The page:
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We have a problem where we have a standardized database of Medicine names. On the other hand, there is a subset of medicine names which could have spelling mistakes, different structure or hypens, missing words etc. There is also some metadata available, like manufacturer name, unit size etc.

Human can easily map those two database with each other. We have used some string comparison and created some probabilistic scoring and in some cases it serves the purpose.

But lot of times we are running into lot of nuanced issues and conditions are keep getting piled up. Is there any idea if any machine learning type of algorithm can help? I have basic understanding of all major algorithms but yet I am drawing blank for this problem. Simple example is mapping Epilex 300mg tab with Epilex 300 Tablet. I can give more examples if needed.

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    $\begingroup$ It seems that the bigger issue is data quality. Can you post some examples of names that are the same but are different strings? Without knowing much more, I'd say that fuzzy matching should do a decent job. But you should it to fix your database $\endgroup$ – Valentin Calomme May 1 at 7:13
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    $\begingroup$ I do not think you need machine learning for this. If you have not yet done so: Try ngrams and then calculate a similarity score. More infos about ngrams: en.wikipedia.org/wiki/N-gram $\endgroup$ – toom May 1 at 7:54
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I think there is no need to use ML for this problem. We can solve this by a simple lookup table/map table. The thing is we have to update the lookup table whenever we encountered a new category.

To apply ML to this problem. You should have the data of a set of preprocessed, processed responses like [Epilex 300mg(preprocessed), Epilex 300(processed)]. If you have this data, you can apply the decision tree(without pruning) model to predict the processed text, given an unprocessed text. Remember you will get predictions with only the categories within the trained categories. What you can do is, if a new category has occurred you can manually add that response to train data. And train your data again. If next time that category is encountered it will predict correctly. Like this you can improve your model prediction power. After some time you can able to predict every response correctly. The screen shorts of sample code is attached here.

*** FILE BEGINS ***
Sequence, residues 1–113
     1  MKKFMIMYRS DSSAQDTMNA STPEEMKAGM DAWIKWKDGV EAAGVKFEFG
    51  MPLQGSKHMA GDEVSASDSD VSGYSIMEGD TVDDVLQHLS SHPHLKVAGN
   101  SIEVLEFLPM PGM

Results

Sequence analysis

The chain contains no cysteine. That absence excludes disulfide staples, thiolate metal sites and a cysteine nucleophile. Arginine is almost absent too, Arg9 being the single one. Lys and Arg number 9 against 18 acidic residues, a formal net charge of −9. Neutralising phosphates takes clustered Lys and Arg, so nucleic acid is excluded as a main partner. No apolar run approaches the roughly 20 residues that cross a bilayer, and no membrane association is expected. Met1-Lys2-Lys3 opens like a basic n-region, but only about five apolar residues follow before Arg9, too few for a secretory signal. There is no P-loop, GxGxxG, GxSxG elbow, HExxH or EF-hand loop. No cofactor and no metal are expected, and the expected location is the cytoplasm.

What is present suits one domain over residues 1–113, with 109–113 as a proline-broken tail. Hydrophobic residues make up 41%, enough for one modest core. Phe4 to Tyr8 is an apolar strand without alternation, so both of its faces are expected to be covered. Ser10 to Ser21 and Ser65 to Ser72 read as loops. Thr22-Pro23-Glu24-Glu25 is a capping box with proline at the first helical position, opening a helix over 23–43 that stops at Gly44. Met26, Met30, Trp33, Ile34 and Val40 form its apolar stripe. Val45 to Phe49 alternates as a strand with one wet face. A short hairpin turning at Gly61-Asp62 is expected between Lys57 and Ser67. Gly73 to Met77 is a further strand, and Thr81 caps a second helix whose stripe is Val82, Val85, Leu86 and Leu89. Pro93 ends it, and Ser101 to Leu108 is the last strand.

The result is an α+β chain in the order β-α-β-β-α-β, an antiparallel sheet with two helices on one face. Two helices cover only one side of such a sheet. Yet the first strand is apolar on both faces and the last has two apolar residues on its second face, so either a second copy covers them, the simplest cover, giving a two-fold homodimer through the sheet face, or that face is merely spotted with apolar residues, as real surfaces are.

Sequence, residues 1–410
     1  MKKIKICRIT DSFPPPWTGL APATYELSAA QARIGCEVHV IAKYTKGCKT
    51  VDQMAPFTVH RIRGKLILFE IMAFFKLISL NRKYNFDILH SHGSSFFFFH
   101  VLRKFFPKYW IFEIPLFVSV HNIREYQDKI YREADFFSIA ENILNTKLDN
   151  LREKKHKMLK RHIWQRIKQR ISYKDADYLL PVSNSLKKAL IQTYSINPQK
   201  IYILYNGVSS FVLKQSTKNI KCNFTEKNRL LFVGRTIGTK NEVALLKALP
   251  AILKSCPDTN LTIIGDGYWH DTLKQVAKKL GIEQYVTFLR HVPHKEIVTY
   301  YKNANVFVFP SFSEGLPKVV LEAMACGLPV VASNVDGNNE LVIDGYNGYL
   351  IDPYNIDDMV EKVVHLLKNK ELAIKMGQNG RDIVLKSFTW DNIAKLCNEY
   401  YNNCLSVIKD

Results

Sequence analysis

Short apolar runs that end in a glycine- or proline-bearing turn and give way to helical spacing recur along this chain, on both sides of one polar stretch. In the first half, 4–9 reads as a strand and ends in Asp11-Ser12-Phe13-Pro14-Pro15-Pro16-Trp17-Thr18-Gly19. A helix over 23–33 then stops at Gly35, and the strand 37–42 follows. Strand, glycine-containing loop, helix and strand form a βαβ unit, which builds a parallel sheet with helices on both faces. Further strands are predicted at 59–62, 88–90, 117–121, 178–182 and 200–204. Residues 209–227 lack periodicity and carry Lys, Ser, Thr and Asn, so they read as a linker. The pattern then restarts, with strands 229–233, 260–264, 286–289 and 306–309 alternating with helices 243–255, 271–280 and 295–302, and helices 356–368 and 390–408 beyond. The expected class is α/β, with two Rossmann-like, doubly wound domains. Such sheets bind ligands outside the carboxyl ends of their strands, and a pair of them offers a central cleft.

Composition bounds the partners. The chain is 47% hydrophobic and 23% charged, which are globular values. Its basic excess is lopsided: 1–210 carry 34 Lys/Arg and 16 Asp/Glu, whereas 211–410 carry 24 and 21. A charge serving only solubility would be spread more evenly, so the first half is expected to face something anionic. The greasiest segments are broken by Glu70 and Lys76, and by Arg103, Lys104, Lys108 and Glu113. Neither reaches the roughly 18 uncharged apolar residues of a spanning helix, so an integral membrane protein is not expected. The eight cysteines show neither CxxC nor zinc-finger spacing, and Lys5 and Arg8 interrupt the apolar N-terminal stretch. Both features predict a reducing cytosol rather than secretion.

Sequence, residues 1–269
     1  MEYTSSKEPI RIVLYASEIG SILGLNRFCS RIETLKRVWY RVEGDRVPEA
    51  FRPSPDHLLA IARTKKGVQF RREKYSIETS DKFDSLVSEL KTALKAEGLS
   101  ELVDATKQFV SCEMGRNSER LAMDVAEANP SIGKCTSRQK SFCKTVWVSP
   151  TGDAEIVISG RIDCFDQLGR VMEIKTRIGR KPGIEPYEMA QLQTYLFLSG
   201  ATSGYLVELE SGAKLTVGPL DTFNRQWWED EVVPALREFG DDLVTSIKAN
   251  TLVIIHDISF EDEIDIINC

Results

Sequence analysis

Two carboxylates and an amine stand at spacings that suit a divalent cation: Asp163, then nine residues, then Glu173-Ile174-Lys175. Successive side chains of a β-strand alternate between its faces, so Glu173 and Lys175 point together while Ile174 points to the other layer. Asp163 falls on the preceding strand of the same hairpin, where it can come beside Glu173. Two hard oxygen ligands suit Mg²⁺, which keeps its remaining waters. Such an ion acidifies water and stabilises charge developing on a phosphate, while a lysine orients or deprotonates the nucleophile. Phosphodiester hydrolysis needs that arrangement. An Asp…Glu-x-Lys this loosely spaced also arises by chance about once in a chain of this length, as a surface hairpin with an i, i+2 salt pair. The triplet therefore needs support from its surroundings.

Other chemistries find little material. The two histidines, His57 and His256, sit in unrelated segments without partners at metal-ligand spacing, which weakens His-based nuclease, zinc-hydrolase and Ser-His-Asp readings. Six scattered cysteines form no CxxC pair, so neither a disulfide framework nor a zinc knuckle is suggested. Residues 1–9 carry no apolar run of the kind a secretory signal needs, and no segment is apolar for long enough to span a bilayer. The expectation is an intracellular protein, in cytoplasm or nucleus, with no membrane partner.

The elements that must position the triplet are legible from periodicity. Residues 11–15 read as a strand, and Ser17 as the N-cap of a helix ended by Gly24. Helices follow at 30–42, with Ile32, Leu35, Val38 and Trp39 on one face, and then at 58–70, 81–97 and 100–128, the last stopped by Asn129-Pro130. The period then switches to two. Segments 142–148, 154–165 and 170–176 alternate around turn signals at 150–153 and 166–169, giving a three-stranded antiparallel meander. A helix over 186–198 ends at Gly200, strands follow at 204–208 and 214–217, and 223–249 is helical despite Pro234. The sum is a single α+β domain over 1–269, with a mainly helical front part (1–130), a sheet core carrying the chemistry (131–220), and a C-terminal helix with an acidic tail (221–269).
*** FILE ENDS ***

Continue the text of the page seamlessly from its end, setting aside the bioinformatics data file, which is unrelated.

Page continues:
Sample Data

Solution

To have actual code consider this Link.

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  • $\begingroup$ But this seems like exactly a lookup table. the problem is there are so many variations of it, that eventually it become hard coded solution. So, I am trying to find a solution where algorithm adjusts itself. May be I will create a table of examples and post it here to make problem clear $\endgroup$ – Kaushal Shah May 2 at 4:38
  • $\begingroup$ Sharing a complex example will always help. If the preprocessed text is really complex, the comments by toom, Valentin Calomme are helpful. And to get better results you can try ensembles methods, but if the cost of the misclassification is high, we need the human intervention at the end. $\endgroup$ – Venkatesh Gandi May 2 at 5:12

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